Quick diesel Q5 borrows tech from the rather excellent SQ7
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That looks like an angry Volvo V90. A Polestar? Sadly not. But true, the V90 R-design does looks punchier. As you’ve no doubt guessed, this is a trim option aimed directly at the likes of the Mercedes E-Class AMG-line wagon, the Audi A6 Avant S-line, and the brand-new BMW 5 Series Touring M Sport. It’s all about the sensible, low-CO2 engines, draped in a suit of snoutier intakes and spindlier alloy wheels. Except the Germans have actual models to imitate… Funny one, isn’t it. The uninitiated might mistake a 5 Series M Sport for an M5, or a A6 S-line for an RS6. But there are no fast Volvos to sprinkle halo effect on the V90 R-design… Anyway, that means you’ve a simple choice of two engines: both 2.0-litre four-cylinder turbodiesels, either with or without the ‘Powerpulse’ boost that fires compressed air into the turbo to cut out lag and increase power. Our test car did without it, which is fine, because in our experience the relaxed, easy-going torque of the D4 motor, the standard-fit eight-speed auto and front-drive suits the V90’s placid gait just fine, thanks very much.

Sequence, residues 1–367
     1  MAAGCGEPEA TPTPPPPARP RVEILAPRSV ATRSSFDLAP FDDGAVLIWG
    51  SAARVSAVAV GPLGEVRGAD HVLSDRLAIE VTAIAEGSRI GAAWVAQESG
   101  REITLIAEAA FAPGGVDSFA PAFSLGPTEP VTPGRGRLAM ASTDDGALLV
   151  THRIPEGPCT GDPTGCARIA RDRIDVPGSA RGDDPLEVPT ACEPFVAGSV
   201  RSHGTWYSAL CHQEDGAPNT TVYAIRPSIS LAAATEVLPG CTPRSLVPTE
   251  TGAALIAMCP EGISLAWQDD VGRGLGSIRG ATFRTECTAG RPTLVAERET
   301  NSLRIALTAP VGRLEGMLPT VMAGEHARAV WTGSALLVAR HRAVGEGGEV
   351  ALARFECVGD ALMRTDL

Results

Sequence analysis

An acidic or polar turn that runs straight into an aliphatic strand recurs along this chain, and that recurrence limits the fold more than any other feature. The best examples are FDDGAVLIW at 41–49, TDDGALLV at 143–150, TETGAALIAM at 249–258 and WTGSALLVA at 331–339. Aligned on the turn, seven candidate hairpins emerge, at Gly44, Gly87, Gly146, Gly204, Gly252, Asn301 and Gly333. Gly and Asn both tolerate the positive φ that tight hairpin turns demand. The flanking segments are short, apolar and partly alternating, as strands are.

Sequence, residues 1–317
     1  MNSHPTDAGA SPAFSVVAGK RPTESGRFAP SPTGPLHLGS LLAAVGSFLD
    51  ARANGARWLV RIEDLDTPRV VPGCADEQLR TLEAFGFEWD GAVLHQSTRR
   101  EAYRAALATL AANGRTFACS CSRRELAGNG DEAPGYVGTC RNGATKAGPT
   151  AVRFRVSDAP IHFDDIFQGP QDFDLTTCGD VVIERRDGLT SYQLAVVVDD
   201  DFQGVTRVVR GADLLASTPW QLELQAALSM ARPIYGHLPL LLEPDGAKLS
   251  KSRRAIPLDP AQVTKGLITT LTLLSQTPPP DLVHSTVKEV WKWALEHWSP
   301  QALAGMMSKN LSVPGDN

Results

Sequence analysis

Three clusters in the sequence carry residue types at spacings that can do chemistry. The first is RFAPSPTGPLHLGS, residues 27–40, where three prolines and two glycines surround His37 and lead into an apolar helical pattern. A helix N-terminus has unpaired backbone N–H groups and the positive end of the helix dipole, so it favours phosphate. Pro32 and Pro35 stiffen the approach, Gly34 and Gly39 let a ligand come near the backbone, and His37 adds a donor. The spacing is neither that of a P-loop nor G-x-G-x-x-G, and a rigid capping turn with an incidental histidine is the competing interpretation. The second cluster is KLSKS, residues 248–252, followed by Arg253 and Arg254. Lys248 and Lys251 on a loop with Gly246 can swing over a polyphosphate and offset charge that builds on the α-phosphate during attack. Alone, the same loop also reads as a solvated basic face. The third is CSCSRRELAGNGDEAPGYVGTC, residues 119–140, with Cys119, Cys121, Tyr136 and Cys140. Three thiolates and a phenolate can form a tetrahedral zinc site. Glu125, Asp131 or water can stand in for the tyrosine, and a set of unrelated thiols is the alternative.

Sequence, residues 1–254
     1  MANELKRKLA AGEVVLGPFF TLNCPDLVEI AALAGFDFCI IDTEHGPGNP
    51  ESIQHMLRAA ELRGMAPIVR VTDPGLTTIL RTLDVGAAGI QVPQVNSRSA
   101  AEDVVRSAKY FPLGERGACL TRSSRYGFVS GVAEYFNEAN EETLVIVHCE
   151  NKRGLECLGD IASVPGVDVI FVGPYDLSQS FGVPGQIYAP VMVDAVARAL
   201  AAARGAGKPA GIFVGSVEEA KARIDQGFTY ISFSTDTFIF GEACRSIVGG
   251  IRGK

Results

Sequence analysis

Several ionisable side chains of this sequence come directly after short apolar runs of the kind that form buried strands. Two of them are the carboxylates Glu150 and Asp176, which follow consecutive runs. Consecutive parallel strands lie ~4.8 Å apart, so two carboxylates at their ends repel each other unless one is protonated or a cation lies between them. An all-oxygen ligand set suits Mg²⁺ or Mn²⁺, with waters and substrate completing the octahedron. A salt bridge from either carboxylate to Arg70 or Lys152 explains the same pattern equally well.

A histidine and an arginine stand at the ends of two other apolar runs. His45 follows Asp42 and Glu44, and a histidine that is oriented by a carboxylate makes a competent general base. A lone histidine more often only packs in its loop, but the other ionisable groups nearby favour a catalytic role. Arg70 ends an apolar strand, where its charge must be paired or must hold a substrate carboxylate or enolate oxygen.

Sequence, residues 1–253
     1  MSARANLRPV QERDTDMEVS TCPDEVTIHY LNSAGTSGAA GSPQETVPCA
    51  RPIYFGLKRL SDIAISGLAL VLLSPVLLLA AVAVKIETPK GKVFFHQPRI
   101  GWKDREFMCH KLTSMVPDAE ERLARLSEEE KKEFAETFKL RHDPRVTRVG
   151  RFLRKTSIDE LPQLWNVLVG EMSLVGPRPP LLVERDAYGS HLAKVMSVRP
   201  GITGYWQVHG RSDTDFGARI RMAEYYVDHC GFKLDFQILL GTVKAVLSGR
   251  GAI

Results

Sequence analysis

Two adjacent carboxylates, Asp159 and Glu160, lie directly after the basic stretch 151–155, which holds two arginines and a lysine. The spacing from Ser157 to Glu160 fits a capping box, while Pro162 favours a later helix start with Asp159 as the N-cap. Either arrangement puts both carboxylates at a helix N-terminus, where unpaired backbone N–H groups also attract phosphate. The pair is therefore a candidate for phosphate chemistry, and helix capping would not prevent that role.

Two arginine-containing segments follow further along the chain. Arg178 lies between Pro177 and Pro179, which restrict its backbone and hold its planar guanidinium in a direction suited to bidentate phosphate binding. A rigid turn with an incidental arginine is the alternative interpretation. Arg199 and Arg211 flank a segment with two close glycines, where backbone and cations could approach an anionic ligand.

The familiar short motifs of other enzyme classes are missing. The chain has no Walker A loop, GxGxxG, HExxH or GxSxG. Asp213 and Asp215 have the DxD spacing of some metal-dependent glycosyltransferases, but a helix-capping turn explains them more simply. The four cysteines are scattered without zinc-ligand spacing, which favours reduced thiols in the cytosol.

What does R-design spec actually get me? The body kit, with those handsome twin exhaust outlets, and 18-inch wheels as standard, though you can spec impossibly fragile-looking 21s. Volvo etches ‘R-design’ onto the kickplates and slightly thicker steering wheel, embosses it onto seats wearing taller bolsters, and deletes one of our very favourite things about the latest crop of Volvos – the light interior options. You’ve got to have business-like black, with metal trim, rather than the warm woods and light leathers available in Inscription and Momentum trim. Because racing cars don’t have beechwood and beige, right? Meanwhile, you’ll spot polished pedals (ooh) and new mats (aah), and the not insignificant matter of revised dampers supporting a body that rides 15mm lower than before. At last! An engineering change! Handling ahoy… For yer basic R-design D4, you’re asked to pay £38,365, which works out £2,500 dearer than a ‘basic’ Inscription spec V90. About in line with that the Germans charge for snoutier bumpers, blingier rims (is ‘bling’ still a thing?) and to mess about with your suspension. Gotcha. Any good? The V90 is a wonderful car – thoughtfully practical, serene and likeably straightforward – but this isn’t the most wonderful version. Here’s why. Mainly, it’s the ride, which has introduced more fidgetiness than the standard car. Our test model was on the 18-inch wheels too, and it rode like a regular V90 does on 20s. That is – a bit nobbly on bad surfaces at low speed. Sad to say, that’s quite a common challenge on congested, crappy UK roads. A predictable complaint. On the plus side, if you’re really taken with those flared bumpers and the whole R-design schtick, this is a way, way better effort than what we were met with when Volvo first introduced R-design. With the ageing, V40 and S60, it had a tendency to ruin cars entirely, with crashy rides and little to no handling pay-off. The V90 isn’t irredeemable in this spec. It’s just that, well, you can’t help wishing you’d embraced the V90’s relaxed mantra fully and gone with the less thrusting Momentum or Inscription models. What’s more, this isn’t really a very full-fat makeover. There are still no gearshift paddles for the eight-speed gearbox. You can have adaptive air suspension, but that’s another £1,500. There are no upgraded brakes, and as we’ve discussed, any more power. It’s really just trim, and an inferior ride added to what is, as standard, the best large estate car on the planet right now.